It’s important to understand that you can’t be an expert on everything. By finding the person who is, you can help create a safer, error-free environment. It’s also important to let employees become experts in their own areas. Seniority shouldn’t matter, and everyone should be “encouraged to voice their concerns, ideas and input — regardless of hierarchy.”1
- Commitment to Resiliency
When errors do occur, it is essential to move forward with a relentless determination to problem solve and improve. Being on the lookout for ways to improve means using better evaluation tools (such as a Hospital Good Catch Program) and providing opportunities for skill development.
When these five traits are woven into organizational culture and practices, your health care facility will be on the fast track to becoming an HRO. But how do you get there? Becoming an HRO takes commitment to a wide variety of strategies and frameworks, but it is attainable for your organization.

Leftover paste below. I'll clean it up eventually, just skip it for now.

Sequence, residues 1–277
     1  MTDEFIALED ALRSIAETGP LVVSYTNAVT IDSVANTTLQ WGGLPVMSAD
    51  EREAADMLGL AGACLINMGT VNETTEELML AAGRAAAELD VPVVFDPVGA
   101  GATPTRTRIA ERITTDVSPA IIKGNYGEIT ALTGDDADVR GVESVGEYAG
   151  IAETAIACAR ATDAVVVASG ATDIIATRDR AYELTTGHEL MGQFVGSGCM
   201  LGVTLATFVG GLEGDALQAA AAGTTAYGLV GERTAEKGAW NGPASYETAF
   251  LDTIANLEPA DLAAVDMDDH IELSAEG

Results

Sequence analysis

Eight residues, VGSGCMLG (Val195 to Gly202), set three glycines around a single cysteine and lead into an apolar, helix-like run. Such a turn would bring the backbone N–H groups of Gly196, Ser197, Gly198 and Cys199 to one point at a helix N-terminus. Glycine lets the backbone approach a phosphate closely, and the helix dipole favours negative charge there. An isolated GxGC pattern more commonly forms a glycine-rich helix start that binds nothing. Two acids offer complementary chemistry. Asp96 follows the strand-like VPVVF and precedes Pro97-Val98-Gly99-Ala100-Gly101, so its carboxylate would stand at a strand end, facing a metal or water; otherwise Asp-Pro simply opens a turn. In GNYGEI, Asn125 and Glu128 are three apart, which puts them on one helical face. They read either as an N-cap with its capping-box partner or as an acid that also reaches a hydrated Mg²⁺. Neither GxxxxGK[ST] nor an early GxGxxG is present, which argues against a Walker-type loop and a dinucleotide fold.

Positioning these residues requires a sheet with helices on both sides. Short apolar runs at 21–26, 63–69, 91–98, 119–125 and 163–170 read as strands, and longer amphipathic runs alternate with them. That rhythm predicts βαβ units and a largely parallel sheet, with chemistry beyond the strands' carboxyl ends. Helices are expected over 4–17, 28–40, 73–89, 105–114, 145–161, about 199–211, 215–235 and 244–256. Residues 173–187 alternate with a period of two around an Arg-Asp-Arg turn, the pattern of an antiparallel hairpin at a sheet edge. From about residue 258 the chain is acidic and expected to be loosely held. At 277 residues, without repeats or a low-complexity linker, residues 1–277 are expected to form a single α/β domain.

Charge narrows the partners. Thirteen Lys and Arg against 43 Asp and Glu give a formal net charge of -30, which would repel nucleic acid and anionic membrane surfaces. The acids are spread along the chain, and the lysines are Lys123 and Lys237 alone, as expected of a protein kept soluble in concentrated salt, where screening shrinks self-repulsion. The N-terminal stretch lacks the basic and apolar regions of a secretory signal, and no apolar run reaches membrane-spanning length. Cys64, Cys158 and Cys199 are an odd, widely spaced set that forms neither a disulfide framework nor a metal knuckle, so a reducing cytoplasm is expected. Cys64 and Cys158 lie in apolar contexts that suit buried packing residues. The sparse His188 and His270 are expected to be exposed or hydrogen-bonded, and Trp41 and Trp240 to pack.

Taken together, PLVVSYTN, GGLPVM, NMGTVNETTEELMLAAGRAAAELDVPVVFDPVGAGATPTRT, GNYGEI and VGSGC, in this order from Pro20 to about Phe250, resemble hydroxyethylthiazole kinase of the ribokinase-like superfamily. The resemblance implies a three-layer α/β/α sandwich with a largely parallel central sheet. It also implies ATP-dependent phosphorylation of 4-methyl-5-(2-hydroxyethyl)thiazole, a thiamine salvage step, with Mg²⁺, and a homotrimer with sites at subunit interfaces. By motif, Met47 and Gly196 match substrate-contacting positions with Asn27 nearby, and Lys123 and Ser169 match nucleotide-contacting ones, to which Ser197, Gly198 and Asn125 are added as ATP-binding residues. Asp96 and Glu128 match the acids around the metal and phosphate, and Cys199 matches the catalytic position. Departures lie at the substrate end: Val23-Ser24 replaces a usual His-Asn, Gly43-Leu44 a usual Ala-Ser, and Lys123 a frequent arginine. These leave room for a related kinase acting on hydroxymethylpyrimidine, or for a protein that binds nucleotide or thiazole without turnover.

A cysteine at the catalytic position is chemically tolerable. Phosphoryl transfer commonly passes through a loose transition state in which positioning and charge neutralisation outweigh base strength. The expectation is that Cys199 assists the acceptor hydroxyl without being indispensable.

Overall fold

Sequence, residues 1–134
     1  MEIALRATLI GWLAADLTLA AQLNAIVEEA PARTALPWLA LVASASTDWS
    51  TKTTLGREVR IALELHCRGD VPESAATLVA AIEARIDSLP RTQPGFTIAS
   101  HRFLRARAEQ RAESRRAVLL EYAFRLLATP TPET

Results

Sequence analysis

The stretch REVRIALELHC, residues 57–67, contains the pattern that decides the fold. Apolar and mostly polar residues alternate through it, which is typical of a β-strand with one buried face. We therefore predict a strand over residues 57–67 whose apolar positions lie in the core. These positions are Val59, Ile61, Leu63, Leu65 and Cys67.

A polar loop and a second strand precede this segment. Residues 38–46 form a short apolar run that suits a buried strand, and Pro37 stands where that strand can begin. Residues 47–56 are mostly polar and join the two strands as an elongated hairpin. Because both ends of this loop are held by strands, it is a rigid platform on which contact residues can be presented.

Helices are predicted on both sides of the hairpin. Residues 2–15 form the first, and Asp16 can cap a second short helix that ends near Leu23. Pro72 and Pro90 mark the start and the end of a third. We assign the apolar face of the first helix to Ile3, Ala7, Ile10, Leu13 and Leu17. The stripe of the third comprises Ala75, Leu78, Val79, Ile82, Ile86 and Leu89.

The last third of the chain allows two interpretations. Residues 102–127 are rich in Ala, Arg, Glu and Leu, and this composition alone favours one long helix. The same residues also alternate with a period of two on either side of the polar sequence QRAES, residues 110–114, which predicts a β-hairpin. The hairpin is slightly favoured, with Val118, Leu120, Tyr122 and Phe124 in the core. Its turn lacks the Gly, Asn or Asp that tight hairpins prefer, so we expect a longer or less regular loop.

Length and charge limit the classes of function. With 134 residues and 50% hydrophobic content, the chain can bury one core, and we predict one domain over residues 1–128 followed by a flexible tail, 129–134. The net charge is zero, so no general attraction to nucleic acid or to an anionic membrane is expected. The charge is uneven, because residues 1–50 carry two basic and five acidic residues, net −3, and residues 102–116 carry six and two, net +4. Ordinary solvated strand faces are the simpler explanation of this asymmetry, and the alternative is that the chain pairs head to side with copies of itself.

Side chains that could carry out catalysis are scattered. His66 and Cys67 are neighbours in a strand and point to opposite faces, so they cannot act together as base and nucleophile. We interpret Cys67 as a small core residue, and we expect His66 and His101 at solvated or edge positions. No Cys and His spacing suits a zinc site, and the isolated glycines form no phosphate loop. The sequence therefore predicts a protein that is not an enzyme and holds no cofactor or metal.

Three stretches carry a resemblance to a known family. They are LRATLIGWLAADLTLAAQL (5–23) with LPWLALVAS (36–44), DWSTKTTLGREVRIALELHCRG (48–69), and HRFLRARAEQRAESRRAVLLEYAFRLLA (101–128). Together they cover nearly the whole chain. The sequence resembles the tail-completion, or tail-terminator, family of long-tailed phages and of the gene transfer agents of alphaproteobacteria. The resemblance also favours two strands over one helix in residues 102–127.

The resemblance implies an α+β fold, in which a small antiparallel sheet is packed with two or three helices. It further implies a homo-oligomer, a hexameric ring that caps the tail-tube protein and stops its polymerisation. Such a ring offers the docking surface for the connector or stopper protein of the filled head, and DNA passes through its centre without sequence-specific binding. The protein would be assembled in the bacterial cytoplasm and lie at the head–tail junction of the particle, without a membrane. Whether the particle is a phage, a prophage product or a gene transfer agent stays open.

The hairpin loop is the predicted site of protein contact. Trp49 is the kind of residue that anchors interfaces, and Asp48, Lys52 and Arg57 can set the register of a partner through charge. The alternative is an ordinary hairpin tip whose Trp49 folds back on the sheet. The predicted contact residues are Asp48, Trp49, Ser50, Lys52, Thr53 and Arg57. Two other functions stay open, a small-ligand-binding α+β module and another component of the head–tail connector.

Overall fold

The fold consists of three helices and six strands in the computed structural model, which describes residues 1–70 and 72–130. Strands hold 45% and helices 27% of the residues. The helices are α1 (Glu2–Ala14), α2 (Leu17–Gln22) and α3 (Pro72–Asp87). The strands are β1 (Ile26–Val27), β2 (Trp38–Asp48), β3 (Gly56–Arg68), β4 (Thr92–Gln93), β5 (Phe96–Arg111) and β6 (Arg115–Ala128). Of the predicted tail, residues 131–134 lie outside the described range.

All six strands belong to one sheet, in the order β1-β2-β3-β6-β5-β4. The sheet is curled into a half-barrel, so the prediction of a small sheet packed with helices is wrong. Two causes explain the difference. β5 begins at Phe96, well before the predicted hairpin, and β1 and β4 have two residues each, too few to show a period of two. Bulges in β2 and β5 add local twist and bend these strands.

The Best HRO Implementation Frameworks to Follow
Focusing your efforts on the most effective frameworks and implementation strategies can reduce wasted time and resources.
An article published in the September 2020 issue of Journal of Patient Safety, “Implementing High-Reliability Organization Principles Into Practice: A Rapid Evidence Review,” sought to synthesize all the HRO frameworks, metrics, and implementation effects to help inform health systems’ efforts toward becoming HROs. The authors reviewed bibliographic databases from 2010 to 2019, identifying 23 key articles detailing 8 different frameworks.
Their analysis revealed multiple notable findings about 9 different healthcare facilities who implemented HRO initiatives:
- Improvements in outcomes were maintained for upward of 9 years for 4 of the facilities.
- Serious Safety Events (SSEs) decreased between 55%-83% 2 years after initiative implementation in the same 4 facilities.
The authors pinpointed 5 key strategies common across the frameworks identified by their research:
- Developing leadership,
- Supporting a culture of safety,
- Providing training and learning opportunities for providers and staff,
- Building and using data systems to measure progress (the most emphasized across all frameworks), and
- Implementing quality improvement interventions to address specific patient safety issues.7
Top 2 Frameworks